Indian Relief – The Indus-Ganga-Brahmaputra Plain

2. The Indus – Ganga – Brahmaputra plain:

The fertile northern plain of India has been formed by the depositional work of the Indus, the Ganga and the Brahmaputra rivers. That is why it is called the Indus – Ganga – Brahmaputra plain. It stretches from the river Satluj all the way across to the Ganga delta in an east – west direction and has a length of about 2400 kilometres. This plain is extremely fertile and is used for agricultural purposes on a large scale.

Relief features of the Plain:

Depending on the surface relief the plain is divided into four divisions. These features or divisions have their own unique characteristics.

- The Bhabar:

It lies along the foot of the ‘Shiwaliks’. It is a narrow belt with a width of about 16 kilometres and is made up of porous rocks and pebbles. This bed or belt has streams running through it. The porosity of this region is so high that the streams running through it disappear. It is not suitable for agriculture either.

- The Terai:

It runs along the south of the ‘Bhabar’ and is parallel to it. It is marked by the appearance of the underground streams of the ‘Bhabar’ belt. Fine alluvium is deposited in this region making it marshy due to the re – emergence of the underground streams. Thick forests with rich wild life are found in this region. Most of area has been reclaimed and has significant agricultural value.

- The Bhangar:

This is an alluvial terrace located above the flood plains or the marsh. It consists of old alluvium and has huge deposits of calcareous concretions known as ‘Kankar’.

- The Khadar:

The flood plain which has new or fresh alluvium is called ‘Khadar’. New layers of alluvium are deposited every year by the rivers making this area fertile.

Regional divisions of the plain: Although this region is considered to be featureless there are variations in local relief. The plain is consequently divided into the following sub – divisions.

- The Rajasthan plain:

This arid area lies between the Aravali range in the east and the alluvial plain of the Indus in the west. This region consists of sandy ridges and dunes. The average altitude or elevation of the sand dunes in this area varies from 10 – 30 metres. This plain receives low rainfall which is less than 25 centimetres per annum. Hence this area does not have any vegetation.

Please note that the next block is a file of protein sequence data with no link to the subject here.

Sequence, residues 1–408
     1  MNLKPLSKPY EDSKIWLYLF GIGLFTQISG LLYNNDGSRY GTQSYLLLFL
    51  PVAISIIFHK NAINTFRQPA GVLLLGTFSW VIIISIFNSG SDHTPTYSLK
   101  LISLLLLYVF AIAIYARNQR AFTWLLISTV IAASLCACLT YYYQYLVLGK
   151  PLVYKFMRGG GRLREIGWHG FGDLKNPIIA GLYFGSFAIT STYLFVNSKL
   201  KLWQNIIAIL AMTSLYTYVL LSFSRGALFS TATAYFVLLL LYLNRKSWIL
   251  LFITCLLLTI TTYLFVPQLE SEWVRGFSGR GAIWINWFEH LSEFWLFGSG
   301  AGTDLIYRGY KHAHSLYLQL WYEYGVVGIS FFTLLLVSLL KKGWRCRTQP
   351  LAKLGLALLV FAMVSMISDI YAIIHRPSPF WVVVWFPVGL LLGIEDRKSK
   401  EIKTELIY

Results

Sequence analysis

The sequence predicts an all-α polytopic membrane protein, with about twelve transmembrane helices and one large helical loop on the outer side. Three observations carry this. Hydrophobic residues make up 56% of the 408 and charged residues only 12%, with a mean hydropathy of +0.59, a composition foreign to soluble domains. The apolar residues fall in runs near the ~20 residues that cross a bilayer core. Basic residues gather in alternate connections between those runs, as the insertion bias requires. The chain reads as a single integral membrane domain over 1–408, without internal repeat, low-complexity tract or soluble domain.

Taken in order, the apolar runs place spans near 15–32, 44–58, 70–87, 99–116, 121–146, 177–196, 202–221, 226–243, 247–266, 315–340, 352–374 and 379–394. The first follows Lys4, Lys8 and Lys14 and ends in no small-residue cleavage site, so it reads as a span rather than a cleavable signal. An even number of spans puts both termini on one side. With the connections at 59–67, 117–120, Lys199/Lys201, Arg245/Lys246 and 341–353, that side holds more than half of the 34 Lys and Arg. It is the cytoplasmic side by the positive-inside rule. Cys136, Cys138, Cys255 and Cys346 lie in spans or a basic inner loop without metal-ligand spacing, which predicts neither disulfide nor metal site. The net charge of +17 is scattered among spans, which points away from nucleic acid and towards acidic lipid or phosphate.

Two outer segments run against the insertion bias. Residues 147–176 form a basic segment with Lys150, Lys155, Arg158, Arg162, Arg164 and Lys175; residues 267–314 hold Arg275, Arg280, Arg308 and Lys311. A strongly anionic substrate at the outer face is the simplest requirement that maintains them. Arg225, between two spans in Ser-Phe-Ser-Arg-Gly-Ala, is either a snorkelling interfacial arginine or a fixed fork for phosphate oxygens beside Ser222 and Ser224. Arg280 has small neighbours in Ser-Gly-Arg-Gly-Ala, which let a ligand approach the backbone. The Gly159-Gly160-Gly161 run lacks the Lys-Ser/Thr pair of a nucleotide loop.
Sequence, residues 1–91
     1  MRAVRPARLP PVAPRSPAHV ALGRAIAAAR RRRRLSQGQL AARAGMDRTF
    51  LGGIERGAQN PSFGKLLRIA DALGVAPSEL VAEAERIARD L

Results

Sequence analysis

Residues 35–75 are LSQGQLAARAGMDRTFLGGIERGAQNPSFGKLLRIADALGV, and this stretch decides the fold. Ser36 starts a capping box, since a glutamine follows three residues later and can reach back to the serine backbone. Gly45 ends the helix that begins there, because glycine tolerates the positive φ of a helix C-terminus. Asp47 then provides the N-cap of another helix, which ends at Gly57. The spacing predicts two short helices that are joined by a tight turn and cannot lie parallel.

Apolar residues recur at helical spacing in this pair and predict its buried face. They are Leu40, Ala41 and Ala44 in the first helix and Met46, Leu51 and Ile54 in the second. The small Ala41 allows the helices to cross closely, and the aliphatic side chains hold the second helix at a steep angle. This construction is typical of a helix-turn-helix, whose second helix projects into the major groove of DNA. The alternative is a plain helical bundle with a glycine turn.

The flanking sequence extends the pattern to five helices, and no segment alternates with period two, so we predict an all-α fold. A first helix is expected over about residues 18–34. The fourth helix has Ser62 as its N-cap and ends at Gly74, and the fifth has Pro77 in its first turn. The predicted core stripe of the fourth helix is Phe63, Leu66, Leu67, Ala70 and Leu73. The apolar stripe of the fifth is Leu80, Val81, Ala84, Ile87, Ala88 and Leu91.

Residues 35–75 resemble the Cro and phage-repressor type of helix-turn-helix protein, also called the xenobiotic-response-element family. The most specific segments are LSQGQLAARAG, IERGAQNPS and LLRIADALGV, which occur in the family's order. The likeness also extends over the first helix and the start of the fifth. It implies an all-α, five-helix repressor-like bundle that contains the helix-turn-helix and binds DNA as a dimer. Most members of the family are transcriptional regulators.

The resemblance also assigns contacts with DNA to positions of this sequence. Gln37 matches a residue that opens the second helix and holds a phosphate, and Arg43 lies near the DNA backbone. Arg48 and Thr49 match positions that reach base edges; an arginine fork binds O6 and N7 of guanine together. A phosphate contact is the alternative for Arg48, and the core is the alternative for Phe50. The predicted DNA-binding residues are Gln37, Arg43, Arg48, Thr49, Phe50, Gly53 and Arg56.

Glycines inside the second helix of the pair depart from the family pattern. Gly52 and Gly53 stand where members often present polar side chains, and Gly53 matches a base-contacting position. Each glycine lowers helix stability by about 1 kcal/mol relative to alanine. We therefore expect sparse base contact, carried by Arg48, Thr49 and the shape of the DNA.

- The Punjab – Haryana plain:

This part of the plain was formed by the alluvial deposits brought down by five rivers namely the Satluj, the Beas, the Ravi, the Chenab and the Jhelum. It is also known as the land of the five rivers. It mostly consists of ‘Doabs’ which is the land or area between two rivers. The northern part of this plain adjoining the ‘Shiwaliks’ has been subjected to gully erosion by the five rivers mentioned above.

- The Ganga plain:

This plain lies in Uttar Pradesh, Bihar and West Bengal. Certain deltaic parts of this plain lie in Bangladesh too. This plain was formed due to the depositional work of the Ganga and its tributaries like the Yamuna and the ‘Kosi’. This plain slopes towards the east and south – east with local variations in the slope. Depending on geographical variations the plain is divided into three parts.

- The upper plain

- The middle plain

- The lower plain

- The Brahmaputra Plain:

This plain is also known as the Assam plain. It has an average width of 100 kilometres. This plain was formed due to the depositional work of the Brahmaputra and its tributaries.

Significance of the plains:

These plains have rich alluvial soils, perennial rivers and good climate. It supports a huge population and due to its agricultural value agro- based economies thrive in this region.

FloodingFlooding

Flooding How Are Floods Caused? Flooding - Water at times overflows in huge amounts onto normal dry land when floods are caused. Land gets submerged with the overflowing water leading to a deluge. Water in its most violent and cruel expression is called a flood. Lots of people get killed,

x